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Advocacy

The Partnership for Strong Communities engages civic and political support to solve homelessness, expand housing opportunity, and develop strong, vibrant communities in the state of Connecticut.

This page contains information on the Partnership's current advocacy efforts, as well as resources for Connecticut housing advocates.

Legislative Priorities

Click here for 2022 legislative priorities for the Reaching Home and HOMEConnecticut campaigns.

On April 11, 2022--PSC's HomeConnecticut Campaign submitted a letter to Governor Lamont and Leaders of the CT General Assembly requesting an extension of Executive Order 12D(4) in the face of increasing evictions.

 As you may know, PSC works to prevent and end homelessness, expand affordable housing, and build strong communities in CT. We staff and manage two statewide campaigns, the Reaching Home Campaign and the HOMEConnecticut campaign. This letter was developed with input from the HOMEConnecticut Campaign Advisory Committee. The Advisory Committee represents a cross-section of advocates, business leaders, lenders, planners, and builders. 

 

Current Action Alerts

 

Click here for an archive of previous alerts from the 2021 legislative session.

 

Advocacy Resources

Budget for Fiscal Year 2023: Housing and Homelessness Resources

Budget for Fiscal Year 2023 Expands and Preserves Resources for Critical Homeless and Affordable Housing Programs  

 
On the week of May 6, 2022-- the Connecticut legislature passed H.B. 5506An Act Adjusting the State Budget for the Biennium Ending June 30th, 2023, detailing appropriations, bonding and revenue. The budget bill proposes $24.2 billion in spending in FY23, representing a growth rate of 6.4% over FY22. Expenditures are under the spending cap by $200,000 in FY 22 and $8.6 million in FY 23. The budget includes $1.8 billion in new allocations from the American Rescue Plan Act (ARPA) for a number of grant programs and new initiatives. It also provides over $600 million in tax cuts and other relief.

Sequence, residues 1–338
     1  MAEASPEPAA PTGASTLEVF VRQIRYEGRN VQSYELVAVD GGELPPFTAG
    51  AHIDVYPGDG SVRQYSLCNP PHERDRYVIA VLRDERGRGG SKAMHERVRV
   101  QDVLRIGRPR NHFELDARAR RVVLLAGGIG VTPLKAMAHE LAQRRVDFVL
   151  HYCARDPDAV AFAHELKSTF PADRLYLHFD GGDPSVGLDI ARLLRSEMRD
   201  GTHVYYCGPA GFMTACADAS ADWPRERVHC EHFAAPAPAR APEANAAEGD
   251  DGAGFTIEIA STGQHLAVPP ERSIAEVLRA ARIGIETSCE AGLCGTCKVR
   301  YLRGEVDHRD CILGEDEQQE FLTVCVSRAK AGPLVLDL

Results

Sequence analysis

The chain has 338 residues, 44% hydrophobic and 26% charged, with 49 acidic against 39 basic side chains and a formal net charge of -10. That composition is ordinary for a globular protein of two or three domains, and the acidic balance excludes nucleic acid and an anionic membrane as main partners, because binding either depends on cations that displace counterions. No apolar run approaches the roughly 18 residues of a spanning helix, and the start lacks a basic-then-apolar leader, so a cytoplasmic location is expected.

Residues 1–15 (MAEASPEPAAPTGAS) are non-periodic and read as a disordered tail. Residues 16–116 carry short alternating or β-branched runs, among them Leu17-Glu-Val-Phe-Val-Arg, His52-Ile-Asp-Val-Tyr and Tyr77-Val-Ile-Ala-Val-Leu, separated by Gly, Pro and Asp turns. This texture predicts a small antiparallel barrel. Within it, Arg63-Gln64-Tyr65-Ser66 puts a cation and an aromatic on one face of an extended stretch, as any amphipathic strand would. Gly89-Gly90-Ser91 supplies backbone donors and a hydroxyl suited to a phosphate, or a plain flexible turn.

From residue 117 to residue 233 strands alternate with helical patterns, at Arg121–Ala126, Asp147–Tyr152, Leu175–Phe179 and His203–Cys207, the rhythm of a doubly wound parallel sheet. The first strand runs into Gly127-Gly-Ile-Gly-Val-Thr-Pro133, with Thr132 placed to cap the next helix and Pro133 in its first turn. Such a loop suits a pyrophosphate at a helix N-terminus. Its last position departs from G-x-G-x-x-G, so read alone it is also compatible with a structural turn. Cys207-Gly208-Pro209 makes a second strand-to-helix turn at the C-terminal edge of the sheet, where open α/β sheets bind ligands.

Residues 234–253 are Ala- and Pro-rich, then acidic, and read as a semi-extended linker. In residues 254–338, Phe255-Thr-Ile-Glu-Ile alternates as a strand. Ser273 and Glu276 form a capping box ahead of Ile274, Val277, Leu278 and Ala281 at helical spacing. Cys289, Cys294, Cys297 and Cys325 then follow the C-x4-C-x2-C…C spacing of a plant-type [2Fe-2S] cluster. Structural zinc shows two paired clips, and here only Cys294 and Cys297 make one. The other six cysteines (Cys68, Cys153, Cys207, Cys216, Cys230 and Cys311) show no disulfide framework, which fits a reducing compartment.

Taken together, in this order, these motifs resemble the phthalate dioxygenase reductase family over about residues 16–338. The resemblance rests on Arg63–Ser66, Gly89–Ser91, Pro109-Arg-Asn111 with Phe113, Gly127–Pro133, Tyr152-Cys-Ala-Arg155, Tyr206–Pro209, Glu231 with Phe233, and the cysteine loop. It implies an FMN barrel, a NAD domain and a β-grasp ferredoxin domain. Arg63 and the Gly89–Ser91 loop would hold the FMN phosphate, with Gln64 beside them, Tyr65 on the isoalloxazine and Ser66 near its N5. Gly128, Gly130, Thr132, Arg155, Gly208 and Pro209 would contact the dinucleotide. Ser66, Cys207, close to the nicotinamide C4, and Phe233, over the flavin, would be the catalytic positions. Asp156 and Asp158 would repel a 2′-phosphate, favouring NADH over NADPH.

This budget provides over $200 million in new funding for affordable housing development, critical support to the Department of Housing, Coordinated Access Networks (CANs), and the Department of Mental Health and Addiction Services for supportive housing services, and frontline cost of living adjustments (COLA) for private nonprofit providers.  

Read more here.

 

What is the Affordable Housing Appeals Procedure? (Section 8-30g)

Enacted in 1990, the Affordable Housing Land Use Appeals Act (8-30G) allows housing developers willing to build housing with long-term affordability to low- and moderate-income households to challenge a town's failure to approve the proposal even when they do not meet a town's zoning regulation. 

At least 30% of units in these developments must be priced so that low income earners wont be spending more than 30% of their income on housing costs. 

8-30G has helped spur the creation of thousands of affordable housing units since its inception but still faces many baseless and false critiques which PSC has clarified in: Understanding Section 8-30g Common Myths

Towns with high levels of Affordable Housing can apply for a 4-Year Moratorium. The moratorium process allows municipalities to demonstrate that they have made progress in creating homes that are guaranteed to remain affordable. 

Click on Understanding Section 8-30g: Moratorium to learn more. 

A memo from the law firm Hinckley Allen estimates that since the enactment of 8-30g in 1990, about 8,500 income restricted units have created directly through 8-30g, about 18,000 market-rate unit as part of 8-30g developments, and many other units approved voluntarily because of the existence of 8-30g.

Click here to read more on the memo. 

2022 Legislative Session: Navigating Virtual Committee Meetings and Public Hearings

Due to the ongoing COVID-19 public health emergency, the Capitol Complex is currently closed to the public. However, the public may still participate in committee meetings and public hearings virtually. The Partnership has prepared a guide for navigating virtual committee meetings and public hearings during the 2022 Connecticut legislative session.

COVID-19 and Connecticut's Homeless Response System

The Partnership for Strong Communities has released a fact sheet detailing how Connecticut's homelessness system responded to COVID-19, and how that response has successfully limited transmission of COVID-19 to people experiencing homelessness in the state.

 

Previous Alerts

A list of PSC's action alerts from the 2021 session can be found here.

An archive of the Partnership's action alerts from the 2020 session can be found here.